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Trade body urges global regulators to work together to close insurance gap

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Trade body urges global regulators to work together to close insurance gap

Regulators across the world need to collaborate more effectively to smooth the way for global reinsurers to close the so-called protection gap, according to International Underwriting Association CEO Dave Matcham.

The protection gap refers to the difference between economic losses and insured losses caused by natural catastrophes and other large events. In 2017, one of the heaviest years on record for catastrophes, there was a €193 billion difference between insured and economic losses from disasters, according to Swiss Re.

Protection gaps are most closely associated with emerging economies that have low take-up rates for insurance, but they also exist in developed, heavily insured countries, including the U.S.

Speaking to journalists following the release of the International Underwriting Association's annual statistical report, Matcham said he would like to see regulators "work together better for the sake of their own economies to somehow enable the cross-border selling of reinsurance to some of these countries" to close the protection gap.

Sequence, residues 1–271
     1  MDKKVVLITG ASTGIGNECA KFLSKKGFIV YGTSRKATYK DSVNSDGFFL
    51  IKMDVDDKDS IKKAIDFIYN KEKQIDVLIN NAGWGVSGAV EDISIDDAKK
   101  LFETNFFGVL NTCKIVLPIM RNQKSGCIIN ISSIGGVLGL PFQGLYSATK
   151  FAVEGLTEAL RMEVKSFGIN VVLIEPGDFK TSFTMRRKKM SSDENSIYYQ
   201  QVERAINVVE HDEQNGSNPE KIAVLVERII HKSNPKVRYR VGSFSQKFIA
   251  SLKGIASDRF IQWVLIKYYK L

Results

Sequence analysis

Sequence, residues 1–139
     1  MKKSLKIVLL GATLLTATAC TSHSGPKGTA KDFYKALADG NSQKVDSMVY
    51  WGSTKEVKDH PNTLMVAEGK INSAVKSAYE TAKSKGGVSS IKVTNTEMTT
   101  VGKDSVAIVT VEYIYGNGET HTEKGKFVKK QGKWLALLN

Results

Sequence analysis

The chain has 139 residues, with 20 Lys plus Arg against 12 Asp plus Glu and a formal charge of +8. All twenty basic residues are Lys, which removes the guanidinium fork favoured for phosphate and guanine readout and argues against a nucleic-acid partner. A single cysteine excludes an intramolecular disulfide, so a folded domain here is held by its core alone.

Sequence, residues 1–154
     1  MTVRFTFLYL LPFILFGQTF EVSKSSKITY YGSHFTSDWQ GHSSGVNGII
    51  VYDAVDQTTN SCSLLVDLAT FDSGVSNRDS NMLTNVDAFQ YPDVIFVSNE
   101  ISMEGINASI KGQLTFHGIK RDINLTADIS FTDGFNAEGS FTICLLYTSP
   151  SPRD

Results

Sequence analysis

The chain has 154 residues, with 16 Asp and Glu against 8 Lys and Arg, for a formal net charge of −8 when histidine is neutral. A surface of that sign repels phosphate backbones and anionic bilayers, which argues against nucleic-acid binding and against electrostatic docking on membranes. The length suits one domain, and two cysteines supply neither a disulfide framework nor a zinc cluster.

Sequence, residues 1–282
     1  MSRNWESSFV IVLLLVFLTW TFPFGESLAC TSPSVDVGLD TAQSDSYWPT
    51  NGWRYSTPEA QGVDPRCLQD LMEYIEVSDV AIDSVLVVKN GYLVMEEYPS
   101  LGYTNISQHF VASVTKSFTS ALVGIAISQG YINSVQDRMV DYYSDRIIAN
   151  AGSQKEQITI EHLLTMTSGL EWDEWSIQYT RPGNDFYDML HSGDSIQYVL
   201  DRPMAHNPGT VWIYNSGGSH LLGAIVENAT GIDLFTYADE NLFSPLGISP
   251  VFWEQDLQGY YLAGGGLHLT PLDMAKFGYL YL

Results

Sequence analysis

Matcham said global reinsurers are equipped with both the financial capacity and the products to close the gap, but that they are beset by "regulatory barriers" in some countries that prevent them from helping. Without reinsurers' assistance, he explained, the countries have to pay for the damage themselves.

"That doesn't seem right to me," Matcham said. He added that he sees the regulatory obstacles as "quite protectionist" and criticized them as unsound policy from an economic perspective.

The global reinsurance industry is suffering from overcapacity, which has prompted suggestions that it could deploy some of its excess capacity in closing the protection gap. There are several initiatives underway to close the gap, including the Insurance Development Forum, a public-private partnership led by the insurance industry.

Matcham said "very senior levels of the reinsurance industry" are involved in the discussion about closing the protection gap, adding that there is a "huge opportunity" for the industry to provide solutions to address the problem.